Seizures & Rages Return (continued)

The next year continued to progress with more seizures and increased aggression. Grace required 1:1 supervision at all times to ensure her safety. She became depressed and began to withdraw from life and the family she loved. We were back to a place that was worse than before surgery and felt like Grace’s life and our happiness as a family was once again being stolen by this hypothalamic hamartoma.
The next year was so reminiscent of life before surgery. We were working closely with her neurologist to find a balance of anti-seizure medications to help decrease the frequency and the progression of her seizures as well as trying to find the right anti-depressant to help with her depression. Grace’s quality of life was severely compromised during this time and our entire family was devastated at seeing her pull away from us and life. We were fortunate that her neurologist was willing to work closely with us throughout this time. I approached him regarding my theory as to her heightened level of anxiety and it being the catalyst for the increased seizures and rages, he was very open to looking at other possible solutions. When he initially recommended Prozac as a solution to the anxiety, it was a difficult thing for us to wrap our heads around. Grace was only 6.5yrs old and the thought of such a young child being on this type of medication worried us; however, we also knew that Grace’s brain did not function as that of a healthy 6.5yr old child and knew for Grace’s sake we needed to give it a try. Her happiness depended on us finding something to help her and this was the next step. Grace started Prozac in November 2010, within three days of being on the medication, the Grace that had been taken away from us in the previous year was back. Her overall anxiety level decreased dramatically and the decrease in rage behaviors was unbelievable. She began to engage in life and the things she loved. We had turned a corner and she was once again beating the odds of living with a hypthalamic hamartoma.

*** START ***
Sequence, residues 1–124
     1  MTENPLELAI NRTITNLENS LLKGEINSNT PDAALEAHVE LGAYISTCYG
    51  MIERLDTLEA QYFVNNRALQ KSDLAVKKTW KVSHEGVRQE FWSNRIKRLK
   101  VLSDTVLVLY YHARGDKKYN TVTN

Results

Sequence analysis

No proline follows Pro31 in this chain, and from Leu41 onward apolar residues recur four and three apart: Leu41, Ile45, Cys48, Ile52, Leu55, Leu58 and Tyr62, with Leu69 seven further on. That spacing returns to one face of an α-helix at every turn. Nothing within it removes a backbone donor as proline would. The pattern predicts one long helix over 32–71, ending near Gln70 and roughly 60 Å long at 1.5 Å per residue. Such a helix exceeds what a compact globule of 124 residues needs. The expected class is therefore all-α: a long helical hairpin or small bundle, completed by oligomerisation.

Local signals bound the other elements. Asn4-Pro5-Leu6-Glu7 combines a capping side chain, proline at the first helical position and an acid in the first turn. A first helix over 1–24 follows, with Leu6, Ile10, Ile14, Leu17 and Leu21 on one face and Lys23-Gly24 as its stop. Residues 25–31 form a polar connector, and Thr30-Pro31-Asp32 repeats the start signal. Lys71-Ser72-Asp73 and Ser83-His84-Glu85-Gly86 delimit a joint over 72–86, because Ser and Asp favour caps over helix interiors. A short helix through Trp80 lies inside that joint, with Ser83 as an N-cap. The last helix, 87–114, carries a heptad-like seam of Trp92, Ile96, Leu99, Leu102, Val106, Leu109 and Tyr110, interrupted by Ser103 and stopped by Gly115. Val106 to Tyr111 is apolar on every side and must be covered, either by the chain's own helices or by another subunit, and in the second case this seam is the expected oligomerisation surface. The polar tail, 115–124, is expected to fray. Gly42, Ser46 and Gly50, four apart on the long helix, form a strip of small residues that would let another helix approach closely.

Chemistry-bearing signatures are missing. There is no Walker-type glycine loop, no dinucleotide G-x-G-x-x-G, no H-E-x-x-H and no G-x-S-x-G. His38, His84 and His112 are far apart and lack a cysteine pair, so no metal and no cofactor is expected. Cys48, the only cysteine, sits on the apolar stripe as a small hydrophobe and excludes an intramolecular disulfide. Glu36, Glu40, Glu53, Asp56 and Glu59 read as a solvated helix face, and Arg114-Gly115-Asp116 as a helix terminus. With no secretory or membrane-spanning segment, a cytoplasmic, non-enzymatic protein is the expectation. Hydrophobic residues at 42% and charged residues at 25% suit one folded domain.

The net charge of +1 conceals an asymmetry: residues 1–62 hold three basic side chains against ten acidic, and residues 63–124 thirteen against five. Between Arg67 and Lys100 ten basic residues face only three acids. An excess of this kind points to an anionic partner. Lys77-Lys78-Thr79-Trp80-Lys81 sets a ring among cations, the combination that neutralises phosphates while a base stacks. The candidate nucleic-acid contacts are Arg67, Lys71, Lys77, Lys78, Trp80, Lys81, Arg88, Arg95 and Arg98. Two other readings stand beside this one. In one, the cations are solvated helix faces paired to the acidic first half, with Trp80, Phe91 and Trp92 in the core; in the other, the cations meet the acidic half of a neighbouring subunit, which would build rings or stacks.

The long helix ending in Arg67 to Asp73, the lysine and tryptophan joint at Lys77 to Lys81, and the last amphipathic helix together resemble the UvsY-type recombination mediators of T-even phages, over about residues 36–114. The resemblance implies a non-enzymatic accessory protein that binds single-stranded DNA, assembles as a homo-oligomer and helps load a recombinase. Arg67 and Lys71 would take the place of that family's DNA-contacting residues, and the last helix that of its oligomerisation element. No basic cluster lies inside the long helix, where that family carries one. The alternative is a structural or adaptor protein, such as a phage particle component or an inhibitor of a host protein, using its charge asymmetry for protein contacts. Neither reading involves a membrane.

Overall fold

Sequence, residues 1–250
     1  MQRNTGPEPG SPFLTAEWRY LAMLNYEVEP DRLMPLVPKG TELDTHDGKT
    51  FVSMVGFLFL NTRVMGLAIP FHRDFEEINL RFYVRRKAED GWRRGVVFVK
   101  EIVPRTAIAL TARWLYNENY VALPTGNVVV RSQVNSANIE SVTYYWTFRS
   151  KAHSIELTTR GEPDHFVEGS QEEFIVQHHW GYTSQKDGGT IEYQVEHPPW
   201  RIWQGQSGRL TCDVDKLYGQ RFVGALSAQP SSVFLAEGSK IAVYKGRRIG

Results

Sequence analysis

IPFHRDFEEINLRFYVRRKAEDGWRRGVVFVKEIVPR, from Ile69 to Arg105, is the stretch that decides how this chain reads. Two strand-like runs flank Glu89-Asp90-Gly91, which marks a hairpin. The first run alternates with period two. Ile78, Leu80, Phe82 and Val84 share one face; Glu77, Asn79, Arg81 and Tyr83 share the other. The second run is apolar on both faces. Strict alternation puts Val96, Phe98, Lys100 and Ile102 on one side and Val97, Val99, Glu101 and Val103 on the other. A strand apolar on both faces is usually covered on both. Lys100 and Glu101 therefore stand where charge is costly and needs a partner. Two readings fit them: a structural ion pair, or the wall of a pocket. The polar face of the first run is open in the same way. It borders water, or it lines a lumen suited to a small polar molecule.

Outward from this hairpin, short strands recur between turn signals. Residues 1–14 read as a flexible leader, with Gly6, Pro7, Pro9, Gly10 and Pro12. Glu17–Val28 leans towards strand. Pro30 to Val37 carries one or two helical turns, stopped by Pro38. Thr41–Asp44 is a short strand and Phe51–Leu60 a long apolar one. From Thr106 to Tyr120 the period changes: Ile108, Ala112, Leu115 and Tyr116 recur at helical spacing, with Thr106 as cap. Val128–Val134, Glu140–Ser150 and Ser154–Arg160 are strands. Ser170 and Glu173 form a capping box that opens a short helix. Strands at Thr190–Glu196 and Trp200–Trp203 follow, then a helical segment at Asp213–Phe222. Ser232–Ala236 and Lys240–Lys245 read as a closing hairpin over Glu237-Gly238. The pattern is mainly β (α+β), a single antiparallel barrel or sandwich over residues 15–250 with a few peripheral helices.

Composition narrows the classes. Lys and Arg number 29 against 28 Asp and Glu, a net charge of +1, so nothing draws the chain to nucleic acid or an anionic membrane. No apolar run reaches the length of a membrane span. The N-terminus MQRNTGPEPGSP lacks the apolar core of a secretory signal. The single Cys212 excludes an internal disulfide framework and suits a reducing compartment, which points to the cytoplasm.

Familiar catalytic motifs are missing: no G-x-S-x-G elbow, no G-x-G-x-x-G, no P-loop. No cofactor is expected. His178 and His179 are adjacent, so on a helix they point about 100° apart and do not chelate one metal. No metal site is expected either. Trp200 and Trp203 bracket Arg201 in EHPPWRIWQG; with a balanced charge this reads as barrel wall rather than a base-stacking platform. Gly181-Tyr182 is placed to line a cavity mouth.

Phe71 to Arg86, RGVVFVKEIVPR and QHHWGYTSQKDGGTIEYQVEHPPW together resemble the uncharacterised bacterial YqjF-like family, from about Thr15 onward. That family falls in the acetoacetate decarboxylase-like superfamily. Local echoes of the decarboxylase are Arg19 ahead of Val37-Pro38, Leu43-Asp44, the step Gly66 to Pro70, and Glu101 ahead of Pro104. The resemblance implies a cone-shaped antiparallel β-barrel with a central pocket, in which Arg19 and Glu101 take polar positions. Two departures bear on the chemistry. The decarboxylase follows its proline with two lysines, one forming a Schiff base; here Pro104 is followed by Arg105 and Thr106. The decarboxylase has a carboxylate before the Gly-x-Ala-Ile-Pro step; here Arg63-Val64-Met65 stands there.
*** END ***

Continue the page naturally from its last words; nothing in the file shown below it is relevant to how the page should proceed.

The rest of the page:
Life had been amazing for Grace and our family since November 2010 and 2011 will forever be remembered as the year we had our Grace back with us. She was happy. She was engaging. She was silly. She was loving. She was caring. She was loving school. She was loving playing with her siblings, Sarah and Garrett. She was the Grace that had, for so many years, been taken away from herself, as well as from our family by the devastation caused by the seizures, rages, and aggressive surgery.
In late October 2011, Grace had a routine follow up MRI, which we sent for review to the BNI team and to Dr.Rekate. We weren’t expecting the news we received. They both saw something that hadn’t been seen in the previous post-op MRIs. There was a sliver of the hypothalamic hamartoma remaining. Although unexpected news, it didn’t surprise us. Ever since Grace’s seizures and rages had reoccurred in 2009, we felt that although the doctors believed they had gotten it all, the only explanation could be that there was a small portion of the HH remaining. The doctors provided us with recommendations of treatment, including a future surgery, if that was something we wanted. Both were cautious about proceeding with a surgery as Grace’s hypothalamus had been so compromised during the first surgery and never recovered. We let them know another surgery wasn’t something we’d want to pursue and instead we were planning on heading to the epilepsy center at University of California, San Francisco, on December 14, 2011 for a consult regarding the ketogenic diet. A report earlier in the year by the team at BNI had indicated this diet may have some potential success for those with a hypothalamic hamartoma and we felt it was an opportunity for reducing or eliminating Grace’s seizures without the catastrophic risks of another surgery.

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